24

commitment to calls provided for in paragraph 5 of Article 6 of this Agreement is applicable; 3. Funds received in repayment of loans or guarantees made with the resources indicated in (i) and (iii) of this Article; 4. Income derived from loans made from the aforementioned funds or from guarantees to which the commitment to calls set forth in paragraph 5 of Article 6 of this Agreement is applicable; and 5. Any other funds or income received by the Bank which do not form part of its Special Funds resources referred to in Article 20 of this Agreement. 3.4 FINANCIAL MANAGEMENT ADB provides different forms of assistance to governments and private enterprises in its developing member countries based on a member's priorities. The main instruments are: 1. 2. 3. 4. 5. Loans Technical assistance Grants Guarantees Equity investments Issuing bonds, recycling repayments, and receiving contributions from members, finance ADBs operations. About 70% of the bank's cumulative lending comes from its ordinary capital resources. ADB also provides loans from its Special Funds resources. Among them is the Asian Development Fund, which provides concessional loans to ADB's least developed member countries. ADB also manages several trust funds and channel financing of grants provided by bilateral donors. 3.4.2 Co-financing For every dollar lent by ADB in 2004, an additional 46 cents was mobilized from other official sources and commercial institutions.

Instruments

3.4.1 Loan and Grant Resources

25

3.4.3 Technical Assistance Technical assistance activities-funded through grants, loans, or bothhelp maximize development impact. In 2004, a total of 323 technical assistance activities, amounting to US$197 million, were approved for 1. 2. Preparing and executing projects and programs Supporting advisory and operational activities in areas such as law, economic management, public policy, agriculture and natural resources, energy, finance, education, etc 3. Regional activities 1.5 Organizational Structure and Management of Asian development Bank The Bank have a Board of Governors, a Board of Directors, a President, five Vice-Presidents (i.e. (i) Vice-president of Knowledge Management and Sustainable Development, (ii) Vice-president of Operation 1, (iii) (iv) Vicepresident of Operation 2, (v) Vice-president of Finance and Administration) and such other officers and staff. 3.5 Board of Governors The Board of Governors is ADB's highest policy-making body and all the powers of the Bank are vested in the Board of Governors. It is composed of one representative from each member. Each member appoints one Governor and one alternate and he or she serve at the pleasure of the appointing member. The Board of Governors meets annually. At its annual meeting, the Board appoints one of the Governors as Chairman who holds office until the election of the next Chairman and the next annual meeting of the Board. The Board of Governors elects the president of the Bank for a term of (5) five years. According to the Charter of the Bank, all the power of institution are vested in ABD's Board of Governors, which in turn delegate these power to the Board of Directors except for those power reserved for the board of government in the Charter.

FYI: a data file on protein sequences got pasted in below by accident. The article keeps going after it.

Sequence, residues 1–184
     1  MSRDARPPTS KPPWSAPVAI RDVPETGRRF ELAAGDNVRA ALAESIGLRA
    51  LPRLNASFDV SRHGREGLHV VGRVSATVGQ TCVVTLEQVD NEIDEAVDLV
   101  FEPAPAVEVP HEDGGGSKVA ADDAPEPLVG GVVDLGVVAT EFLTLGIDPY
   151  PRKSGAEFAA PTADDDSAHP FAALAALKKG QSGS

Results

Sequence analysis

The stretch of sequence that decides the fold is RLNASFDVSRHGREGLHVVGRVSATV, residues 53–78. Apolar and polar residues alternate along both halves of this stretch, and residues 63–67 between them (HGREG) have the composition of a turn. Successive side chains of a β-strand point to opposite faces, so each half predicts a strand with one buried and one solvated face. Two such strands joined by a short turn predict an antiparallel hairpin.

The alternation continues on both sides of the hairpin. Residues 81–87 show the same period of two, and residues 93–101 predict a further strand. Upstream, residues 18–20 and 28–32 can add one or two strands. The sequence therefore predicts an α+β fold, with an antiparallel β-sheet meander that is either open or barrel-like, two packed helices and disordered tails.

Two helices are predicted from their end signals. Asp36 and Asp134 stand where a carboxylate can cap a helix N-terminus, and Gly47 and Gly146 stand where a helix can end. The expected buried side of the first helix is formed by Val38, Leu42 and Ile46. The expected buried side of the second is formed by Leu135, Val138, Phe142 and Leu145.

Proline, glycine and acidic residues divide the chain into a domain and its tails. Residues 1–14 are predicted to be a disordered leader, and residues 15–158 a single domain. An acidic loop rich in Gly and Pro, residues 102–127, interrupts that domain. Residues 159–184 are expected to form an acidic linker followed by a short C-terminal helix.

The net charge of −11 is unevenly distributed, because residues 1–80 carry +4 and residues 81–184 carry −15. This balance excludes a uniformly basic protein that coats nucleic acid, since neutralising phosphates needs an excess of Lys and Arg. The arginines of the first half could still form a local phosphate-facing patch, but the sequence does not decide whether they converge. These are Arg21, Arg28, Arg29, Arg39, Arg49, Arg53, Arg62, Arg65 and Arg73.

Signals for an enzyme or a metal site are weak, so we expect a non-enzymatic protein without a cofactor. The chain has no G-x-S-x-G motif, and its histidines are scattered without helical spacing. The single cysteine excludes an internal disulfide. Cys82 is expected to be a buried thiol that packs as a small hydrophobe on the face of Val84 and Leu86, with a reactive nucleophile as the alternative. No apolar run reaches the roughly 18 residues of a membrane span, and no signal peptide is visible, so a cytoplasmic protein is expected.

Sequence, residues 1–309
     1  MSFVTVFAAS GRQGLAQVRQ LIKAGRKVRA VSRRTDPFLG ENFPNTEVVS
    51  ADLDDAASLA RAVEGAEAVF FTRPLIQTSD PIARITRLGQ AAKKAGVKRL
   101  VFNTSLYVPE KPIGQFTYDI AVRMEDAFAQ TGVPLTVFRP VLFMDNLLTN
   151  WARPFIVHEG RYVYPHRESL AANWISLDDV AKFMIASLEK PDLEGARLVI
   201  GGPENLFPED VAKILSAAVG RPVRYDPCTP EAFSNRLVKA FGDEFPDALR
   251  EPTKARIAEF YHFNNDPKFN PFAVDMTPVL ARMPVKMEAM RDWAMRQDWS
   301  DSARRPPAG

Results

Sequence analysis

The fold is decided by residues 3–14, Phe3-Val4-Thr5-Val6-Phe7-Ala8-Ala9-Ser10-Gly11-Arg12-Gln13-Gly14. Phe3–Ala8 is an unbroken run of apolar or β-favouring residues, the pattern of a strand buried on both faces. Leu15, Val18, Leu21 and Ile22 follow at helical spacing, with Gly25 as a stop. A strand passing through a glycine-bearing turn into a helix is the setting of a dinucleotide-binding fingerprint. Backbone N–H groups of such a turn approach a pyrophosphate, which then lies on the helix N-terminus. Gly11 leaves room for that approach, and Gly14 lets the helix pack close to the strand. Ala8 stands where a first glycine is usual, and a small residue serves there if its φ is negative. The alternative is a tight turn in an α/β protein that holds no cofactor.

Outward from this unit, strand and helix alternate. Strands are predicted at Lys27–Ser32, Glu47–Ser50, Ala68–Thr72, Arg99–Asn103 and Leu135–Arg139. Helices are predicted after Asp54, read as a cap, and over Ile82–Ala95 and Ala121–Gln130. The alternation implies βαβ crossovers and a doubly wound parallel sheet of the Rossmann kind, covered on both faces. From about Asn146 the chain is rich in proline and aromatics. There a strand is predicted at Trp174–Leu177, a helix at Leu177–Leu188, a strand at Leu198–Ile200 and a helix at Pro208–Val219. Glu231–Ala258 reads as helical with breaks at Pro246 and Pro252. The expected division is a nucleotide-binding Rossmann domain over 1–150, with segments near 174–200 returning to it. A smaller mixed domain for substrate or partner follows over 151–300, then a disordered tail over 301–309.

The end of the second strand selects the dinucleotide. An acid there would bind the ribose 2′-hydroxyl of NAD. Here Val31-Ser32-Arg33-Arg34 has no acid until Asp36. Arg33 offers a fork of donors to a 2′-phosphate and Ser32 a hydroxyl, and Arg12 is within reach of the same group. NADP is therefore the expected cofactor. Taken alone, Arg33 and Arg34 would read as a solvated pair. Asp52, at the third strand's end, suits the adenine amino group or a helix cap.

26

3.5.1 Voting Power of Members The total voting power of each member consists of the sum of its basic votes and proportional votes. i. The basic votes of each member consists of such number of votes as results from the equal distribution among all the members of twenty (20) per cent of the aggregate sum of the basic votes and proportional votes of all the members. ii. The number of the proportional votes of each member shall be equal to the number of shares of the capital stock of the Bank held by that member. The basic votes allotted to each member are 13701. Pakistan has 77080 shares of the capital stock of the bank. Thus Pakistan has 90789 votes (total Pakistan voting power is 90789 votes= 77080 shares of capital stock + 13709 basic votes) Japan and USA have the highest number of votes (i.e. 12.900 % of total) each and Tuvalu has the lowest number of votes (0.314% of total votes). 3.5.2 Meetings of Board of Governors 1. The Board meets annually at such date and place as the Board may determine. However, the Board of Directors may change the date and place of the meeting when special circumstances or reasons arise to justify such action. 2. The Board also holds special meetings when it so decides or when called by the Board of Directors. 3. The President shall notify all members, by the most rapid possible means, of the date and place of each meeting of the Board. Such notifications must be dispatched at least sixty (60) days prior to the date of an annual meeting and thirty (30) days prior to the date of a special meeting

27

4.

A majority of the Governors shall constitute a quorum for any meeting of the Board, provided such majority represents not less than two-thirds of the total voting power of the members.

5.

The Board may order the temporary adjournment of any meeting end its resumption at a later date.

6.

The President, Directors and their Alternates may attend any meeting of the Board and participate therein. However, Directors and their Alternates shall not be entitled to vote unless they are entitled to vote as a Governor.

3.6

Board of Directors The Board of Directors is composed of 12 Directors (each with an